According to the Milwaukee Journal-Sentinel online, Lee "only has played running back for three years. At Middle Tennessee State University -- where he earned All-Sun Belt Conference honors -- he served as quarterback, receiver, running back and kickoff returner before declaring for the NFL draft after his junior year." Let's hope -- going against the Packers string of luck this year -- that Lee might turn out to be a diamond in the rough. We could sure use it. But only time will tell.


OK, enough of the (potentially) positive. Let's get back to things which, even when gone, continue to fester. That would be, oh I dunno, maybe...Cletidus Hunt?

The one-time overpaid, undermotivated poster child for taking the money and running is -- surprise, surprise -- continuing to haunt the Pack. Turns out he got a rotator cuff tear while still with the team in August. It was not discovered until recent tests confirmed the problem. So now, in addition to the salary cap hit he was already going to exert on the team this year and next, he now also receives a $1.25 million injury settlement...which gets applied to the salary cap. Combined with other smaller settlements which might be paid to Brennan Curtin and Matt O'Dwyer, the Pack's available salary cap is shriking quickly. Ten days ago, the Pack had a reasonable cap of approximately $4.1 million; with these hits to the cap, the team now has an available surplus of somewhere in the $2.5 million range. This obviously impacts available funds for re-signing free agents and giving contract extensions.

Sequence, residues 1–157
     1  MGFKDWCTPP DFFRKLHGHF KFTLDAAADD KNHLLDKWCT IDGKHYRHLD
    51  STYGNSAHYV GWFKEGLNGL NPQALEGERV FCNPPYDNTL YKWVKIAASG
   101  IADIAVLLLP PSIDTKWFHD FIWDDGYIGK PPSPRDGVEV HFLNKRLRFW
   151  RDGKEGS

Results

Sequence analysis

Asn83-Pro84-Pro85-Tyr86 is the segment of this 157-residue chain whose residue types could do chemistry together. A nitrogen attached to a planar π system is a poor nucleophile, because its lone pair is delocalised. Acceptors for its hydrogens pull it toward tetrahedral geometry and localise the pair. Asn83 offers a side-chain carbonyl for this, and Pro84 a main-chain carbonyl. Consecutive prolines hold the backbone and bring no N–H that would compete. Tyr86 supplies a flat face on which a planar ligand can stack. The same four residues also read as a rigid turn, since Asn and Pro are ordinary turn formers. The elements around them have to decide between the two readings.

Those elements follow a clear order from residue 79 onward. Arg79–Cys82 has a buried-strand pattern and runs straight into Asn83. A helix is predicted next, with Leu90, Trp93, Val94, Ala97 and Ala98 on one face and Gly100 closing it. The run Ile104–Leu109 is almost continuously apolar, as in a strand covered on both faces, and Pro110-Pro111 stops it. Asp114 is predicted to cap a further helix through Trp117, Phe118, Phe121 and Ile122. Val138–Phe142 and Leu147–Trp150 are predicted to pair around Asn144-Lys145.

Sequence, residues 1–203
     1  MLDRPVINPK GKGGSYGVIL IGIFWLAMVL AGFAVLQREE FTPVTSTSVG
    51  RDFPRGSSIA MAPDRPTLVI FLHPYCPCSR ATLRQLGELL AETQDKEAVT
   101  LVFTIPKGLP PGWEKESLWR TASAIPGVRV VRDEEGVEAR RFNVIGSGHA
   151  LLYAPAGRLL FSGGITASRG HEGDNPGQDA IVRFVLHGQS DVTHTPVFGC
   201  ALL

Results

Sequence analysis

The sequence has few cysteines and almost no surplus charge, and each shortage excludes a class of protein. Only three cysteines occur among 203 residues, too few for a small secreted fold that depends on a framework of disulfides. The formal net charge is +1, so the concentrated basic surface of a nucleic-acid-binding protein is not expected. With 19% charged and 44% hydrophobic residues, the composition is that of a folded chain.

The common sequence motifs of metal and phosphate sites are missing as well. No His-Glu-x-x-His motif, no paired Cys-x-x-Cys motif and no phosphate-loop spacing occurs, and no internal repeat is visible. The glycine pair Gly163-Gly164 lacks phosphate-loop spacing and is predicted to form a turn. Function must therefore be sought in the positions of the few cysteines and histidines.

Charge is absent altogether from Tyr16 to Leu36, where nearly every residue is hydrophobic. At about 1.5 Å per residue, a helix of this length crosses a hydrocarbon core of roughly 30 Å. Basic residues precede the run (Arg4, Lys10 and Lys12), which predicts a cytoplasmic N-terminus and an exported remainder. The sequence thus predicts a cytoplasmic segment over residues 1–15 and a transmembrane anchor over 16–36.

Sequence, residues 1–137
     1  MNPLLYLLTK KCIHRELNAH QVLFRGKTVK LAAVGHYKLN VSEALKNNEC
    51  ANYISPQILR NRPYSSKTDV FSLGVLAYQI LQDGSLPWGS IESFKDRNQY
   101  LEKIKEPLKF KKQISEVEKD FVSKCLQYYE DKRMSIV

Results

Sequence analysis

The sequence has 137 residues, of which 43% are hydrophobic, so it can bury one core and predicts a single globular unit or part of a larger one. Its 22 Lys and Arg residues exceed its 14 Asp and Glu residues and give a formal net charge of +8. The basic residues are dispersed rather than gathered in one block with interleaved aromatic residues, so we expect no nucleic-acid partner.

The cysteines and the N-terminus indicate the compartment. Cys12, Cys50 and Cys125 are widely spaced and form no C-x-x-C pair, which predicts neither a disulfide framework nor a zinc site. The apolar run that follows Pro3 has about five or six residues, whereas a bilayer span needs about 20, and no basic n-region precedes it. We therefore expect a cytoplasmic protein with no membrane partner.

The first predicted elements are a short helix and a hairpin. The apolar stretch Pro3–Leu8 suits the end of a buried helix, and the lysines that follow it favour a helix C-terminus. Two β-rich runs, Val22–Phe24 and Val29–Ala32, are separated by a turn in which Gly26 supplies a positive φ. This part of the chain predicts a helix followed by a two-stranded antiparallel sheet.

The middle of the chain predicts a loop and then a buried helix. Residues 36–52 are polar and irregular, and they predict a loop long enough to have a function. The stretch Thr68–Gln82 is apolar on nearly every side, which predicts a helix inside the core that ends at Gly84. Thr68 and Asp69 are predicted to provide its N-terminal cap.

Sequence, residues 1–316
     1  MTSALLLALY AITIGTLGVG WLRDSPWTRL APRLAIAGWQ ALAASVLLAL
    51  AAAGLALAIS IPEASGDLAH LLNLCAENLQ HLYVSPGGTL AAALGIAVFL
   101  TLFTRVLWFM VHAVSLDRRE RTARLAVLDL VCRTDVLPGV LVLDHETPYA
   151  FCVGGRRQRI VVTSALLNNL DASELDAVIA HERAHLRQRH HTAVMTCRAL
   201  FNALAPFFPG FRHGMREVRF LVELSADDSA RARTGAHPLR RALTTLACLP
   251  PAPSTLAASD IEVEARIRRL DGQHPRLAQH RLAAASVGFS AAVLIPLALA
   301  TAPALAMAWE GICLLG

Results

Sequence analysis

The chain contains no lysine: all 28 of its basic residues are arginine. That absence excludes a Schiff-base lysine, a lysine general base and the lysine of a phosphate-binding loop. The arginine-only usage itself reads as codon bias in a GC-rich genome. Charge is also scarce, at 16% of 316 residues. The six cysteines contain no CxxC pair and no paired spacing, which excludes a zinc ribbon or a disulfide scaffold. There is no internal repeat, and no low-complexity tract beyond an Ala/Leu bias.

Obviously, the Packers had to do the right thing and compensate Hunt. It is unfortunate, however, that during his time with the team Hunt failed to do right by the Packers and play in the manner he was paid to do. 'Nuff said.

Sunday, October 09, 2005

Pack Wins! Pack Wins!! Pack Wins!!!

I think this victory can be summed up with one word: aaaaahhhhhhhhh.

More later...have to savor the taste of this one for a while. It's been a long time coming.

Saturday, October 08, 2005